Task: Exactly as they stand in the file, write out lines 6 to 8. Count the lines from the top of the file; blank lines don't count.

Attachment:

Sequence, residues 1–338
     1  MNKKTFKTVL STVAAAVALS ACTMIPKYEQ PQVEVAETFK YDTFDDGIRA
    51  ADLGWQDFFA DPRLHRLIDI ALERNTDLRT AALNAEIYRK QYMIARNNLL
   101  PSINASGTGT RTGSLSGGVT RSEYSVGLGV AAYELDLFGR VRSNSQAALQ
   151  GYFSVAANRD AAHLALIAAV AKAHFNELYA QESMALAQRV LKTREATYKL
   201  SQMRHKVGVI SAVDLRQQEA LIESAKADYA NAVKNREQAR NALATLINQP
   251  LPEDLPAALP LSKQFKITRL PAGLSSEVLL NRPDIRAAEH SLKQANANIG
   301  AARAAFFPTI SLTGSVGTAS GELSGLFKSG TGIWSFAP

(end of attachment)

   201  SQMRHKVGVI SAVDLRQQEA LIESAKADYA NAVKNREQAR NALATLINQP
   251  LPEDLPAALP LSKQFKITRL PAGLSSEVLL NRPDIRAAEH SLKQANANIG
   301  AARAAFFPTI SLTGSVGTAS GELSGLFKSG TGIWSFAP